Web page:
The following is the first few sections of a chapter from The Busy Coder's Guide to Android Development, plus headings for the remaining major sections, to give you an idea about the content of the chapter.
The Android emulator, at its core, is not that complex. Once you have one or more Android virtual devices (AVDs) defined, using them is a matter of launching the emulator and installing your app upon it. With Android Studio, those two steps can even be combined — the IDE will automatically start an emulator instance if one is needed.
However, there is much more to the Android emulator. This chapter will explore various advanced features of the emulator and how you can use them.
Understanding this chapter requires that you have read the core chapters of this book.
When defining an AVD, or editing an existing AVD definition, there are many other configuration options at your disposal.
Another way to speed up the emulator is to have it use the graphic card or GPU of your development machine to accelerate the graphics rendering of the emulator window. By default, the emulator will use software-based rendering, without the GPU, which is slow in general and worse when running an ARM-based image.
Whether this will work or not for you will depend in part upon your graphics drivers of your development machine. Also, their use might conflict with other things you might want to do — on Linux, using hardware GPU mode might break your ability to take screenshots, for example.
This setting is toggled within the AVD Manager, for new and existing AVDs, via the “Graphics” drop-down list in the “Emulated Performance” group:
Figure 923: Virtual Device Configuration, Showing “Use Host GPU” Checkbox
There are three options:
The Android emulator can emulate devices that have, or do not have, a physical keyboard.
Most Android devices do not have a physical keyboard, and so the emulator is set up
to behave the same. However, this means that typing on your development machine’s keyboard
will not work in
EditText widgets and the like — you have to tap out what you want
to type on the on-screen keyboard.
If you wish to switch your emulator to emulate a device with a physical keyboard – either “for realz” or just to simplify working with the emulator on your development machine — you can do so.
In the Android Studio AVD Manager, in the “Advanced Settings” area, there is an “Enable keyboard input” checkbox that determines whether hardware keyboard input is honored in the AVD or not:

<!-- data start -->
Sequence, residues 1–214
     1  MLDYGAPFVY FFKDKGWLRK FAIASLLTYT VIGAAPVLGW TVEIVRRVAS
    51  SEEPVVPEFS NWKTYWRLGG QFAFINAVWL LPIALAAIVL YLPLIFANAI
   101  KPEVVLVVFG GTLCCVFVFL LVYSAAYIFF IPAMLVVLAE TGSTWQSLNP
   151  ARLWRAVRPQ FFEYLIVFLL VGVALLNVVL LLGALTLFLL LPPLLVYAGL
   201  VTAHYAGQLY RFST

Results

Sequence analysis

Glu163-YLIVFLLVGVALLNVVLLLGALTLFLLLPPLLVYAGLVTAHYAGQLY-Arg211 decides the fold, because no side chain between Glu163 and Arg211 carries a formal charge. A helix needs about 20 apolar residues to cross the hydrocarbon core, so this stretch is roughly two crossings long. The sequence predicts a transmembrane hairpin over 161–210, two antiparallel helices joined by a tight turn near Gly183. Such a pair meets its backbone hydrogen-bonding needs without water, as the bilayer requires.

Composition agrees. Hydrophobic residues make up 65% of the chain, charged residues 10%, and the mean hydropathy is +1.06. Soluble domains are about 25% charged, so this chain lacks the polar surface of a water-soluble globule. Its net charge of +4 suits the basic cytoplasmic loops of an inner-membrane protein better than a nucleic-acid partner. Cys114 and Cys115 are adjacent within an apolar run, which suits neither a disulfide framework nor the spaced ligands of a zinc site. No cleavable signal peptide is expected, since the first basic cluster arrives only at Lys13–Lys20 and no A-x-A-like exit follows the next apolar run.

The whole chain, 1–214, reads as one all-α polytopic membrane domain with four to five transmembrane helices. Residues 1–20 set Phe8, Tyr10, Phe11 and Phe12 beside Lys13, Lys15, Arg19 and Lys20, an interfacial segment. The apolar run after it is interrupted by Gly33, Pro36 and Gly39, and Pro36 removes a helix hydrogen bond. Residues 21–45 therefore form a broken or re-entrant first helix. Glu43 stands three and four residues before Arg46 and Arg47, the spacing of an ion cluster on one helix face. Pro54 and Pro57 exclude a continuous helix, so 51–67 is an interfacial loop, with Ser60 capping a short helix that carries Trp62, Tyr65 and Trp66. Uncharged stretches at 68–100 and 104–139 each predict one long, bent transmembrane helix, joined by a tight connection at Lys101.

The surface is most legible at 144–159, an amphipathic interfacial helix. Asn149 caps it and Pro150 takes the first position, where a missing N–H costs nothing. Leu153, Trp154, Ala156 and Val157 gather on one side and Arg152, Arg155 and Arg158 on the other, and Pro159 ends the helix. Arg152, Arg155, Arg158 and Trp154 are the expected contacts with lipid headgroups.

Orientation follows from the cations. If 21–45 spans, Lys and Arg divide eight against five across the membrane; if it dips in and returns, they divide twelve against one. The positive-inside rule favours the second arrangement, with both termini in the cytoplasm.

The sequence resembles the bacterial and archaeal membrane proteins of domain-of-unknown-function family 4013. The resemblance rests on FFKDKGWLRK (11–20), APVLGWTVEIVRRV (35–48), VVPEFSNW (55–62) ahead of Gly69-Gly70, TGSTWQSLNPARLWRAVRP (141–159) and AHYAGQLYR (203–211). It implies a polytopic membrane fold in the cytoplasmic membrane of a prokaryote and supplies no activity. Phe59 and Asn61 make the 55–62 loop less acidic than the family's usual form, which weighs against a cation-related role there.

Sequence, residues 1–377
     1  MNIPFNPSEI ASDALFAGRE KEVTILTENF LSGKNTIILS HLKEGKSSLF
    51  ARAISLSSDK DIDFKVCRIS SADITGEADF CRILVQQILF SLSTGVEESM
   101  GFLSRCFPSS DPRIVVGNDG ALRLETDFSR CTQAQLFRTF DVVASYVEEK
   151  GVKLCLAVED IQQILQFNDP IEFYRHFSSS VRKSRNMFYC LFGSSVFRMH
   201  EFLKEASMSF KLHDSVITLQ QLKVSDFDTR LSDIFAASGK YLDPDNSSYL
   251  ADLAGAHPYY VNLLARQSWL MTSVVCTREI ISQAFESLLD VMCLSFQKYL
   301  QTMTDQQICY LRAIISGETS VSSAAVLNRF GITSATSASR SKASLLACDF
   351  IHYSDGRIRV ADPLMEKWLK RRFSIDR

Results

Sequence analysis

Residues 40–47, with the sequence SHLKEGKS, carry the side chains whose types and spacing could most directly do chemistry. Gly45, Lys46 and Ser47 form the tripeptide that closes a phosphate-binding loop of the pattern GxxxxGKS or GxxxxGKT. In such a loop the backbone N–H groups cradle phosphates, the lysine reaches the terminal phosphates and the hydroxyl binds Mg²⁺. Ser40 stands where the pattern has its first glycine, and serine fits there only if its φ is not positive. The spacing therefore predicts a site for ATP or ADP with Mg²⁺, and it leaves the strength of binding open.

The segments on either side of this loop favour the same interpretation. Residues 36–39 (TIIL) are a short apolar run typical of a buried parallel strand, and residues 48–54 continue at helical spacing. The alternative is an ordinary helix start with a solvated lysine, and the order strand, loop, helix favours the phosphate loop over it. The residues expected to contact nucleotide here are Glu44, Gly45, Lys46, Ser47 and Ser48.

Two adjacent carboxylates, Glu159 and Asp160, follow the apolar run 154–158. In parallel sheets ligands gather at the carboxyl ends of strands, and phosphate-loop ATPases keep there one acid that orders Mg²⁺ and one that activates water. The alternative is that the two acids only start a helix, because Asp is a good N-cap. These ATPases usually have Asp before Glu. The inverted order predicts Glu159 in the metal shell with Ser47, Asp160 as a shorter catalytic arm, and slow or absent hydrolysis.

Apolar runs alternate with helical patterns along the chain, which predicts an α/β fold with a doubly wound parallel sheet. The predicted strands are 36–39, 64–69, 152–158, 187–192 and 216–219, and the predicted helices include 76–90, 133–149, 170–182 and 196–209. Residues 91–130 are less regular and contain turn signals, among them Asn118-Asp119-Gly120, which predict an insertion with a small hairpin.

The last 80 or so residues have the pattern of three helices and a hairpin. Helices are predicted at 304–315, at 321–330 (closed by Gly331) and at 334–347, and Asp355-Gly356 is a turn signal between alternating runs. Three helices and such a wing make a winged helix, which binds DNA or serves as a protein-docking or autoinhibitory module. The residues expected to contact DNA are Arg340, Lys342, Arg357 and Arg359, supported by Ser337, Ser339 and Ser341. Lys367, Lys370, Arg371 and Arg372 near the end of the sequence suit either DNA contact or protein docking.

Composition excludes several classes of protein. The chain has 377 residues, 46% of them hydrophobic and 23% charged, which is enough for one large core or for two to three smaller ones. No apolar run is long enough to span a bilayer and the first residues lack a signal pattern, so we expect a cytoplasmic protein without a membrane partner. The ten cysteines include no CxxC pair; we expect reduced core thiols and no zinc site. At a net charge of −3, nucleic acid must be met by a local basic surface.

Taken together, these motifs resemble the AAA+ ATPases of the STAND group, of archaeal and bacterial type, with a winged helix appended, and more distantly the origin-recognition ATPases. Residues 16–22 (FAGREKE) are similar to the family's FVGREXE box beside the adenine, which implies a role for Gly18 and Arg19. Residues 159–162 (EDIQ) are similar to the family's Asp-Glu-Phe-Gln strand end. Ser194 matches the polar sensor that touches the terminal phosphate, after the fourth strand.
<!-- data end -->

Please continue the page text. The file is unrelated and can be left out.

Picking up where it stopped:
Figure 924: Virtual Device Configuration, Showing “Enable keyboard input” Checkbox
Pixels on your development machine’s monitor probably are substantially
larger than the pixels on most Android devices. If the emulator tries
to use one hardware pixel on your monitor for every emulated pixel of
the device screen, your emulator may be bigger than your monitor can fit.
The “Scale” drop-down controls how the emulator scales its output to
deal with your monitor. “Auto” — the default value — probably is your
best option, though you are welcome to use one of the other options to
control the scaling more directly (e.g.,
4dp on the device maps to
1px on your monitor):
Figure 925: Virtual Device Configuration, Showing “Scale” Drop-Down
You can also control whether the device starts up in portrait or landscape mode at the outside, by the toggle buttons labeled “Orientation”.
Note that scaling and orientation can also be controlled while the emulator is running; these settings merely control the startup conditions.
In the “Advanced Settings” area, you can control whether or not the emulator emulates a device with a camera:
Figure 926: Virtual Device Configuration, Showing Camera Options
Whether you can configure both front and back cameras, or just one, is indeterminate. If you can configure a camera, your options are:
However, the emulator’s ability to truly emulate the way Android cameras behave is very limited. Serious camera testing needs to be done using Android hardware, not the emulator.
In the “Advanced Settings” area, you can control how much RAM and storage is used by the emulator:
Figure 927: Virtual Device Configuration, Showing Memory and Storage Options
mksdcardto create your own disk image that you attach to the emulator.
Usually, the defaults are fine.
By default, the emulator appears in a bare window, showing the contents of the “touchscreen”. Of course, an actual Android device will have more around it, such as bezels, optional hardware buttons, and so on.
In the “Device Frame” group in the “Advanced Settings” area, you can check “Enable Device Frame” and choose a skin to wrap around the touchscreen and make your emulator look a bit more like a real device:
Figure 928: Virtual Device Configuration, Showing Device Frame Options
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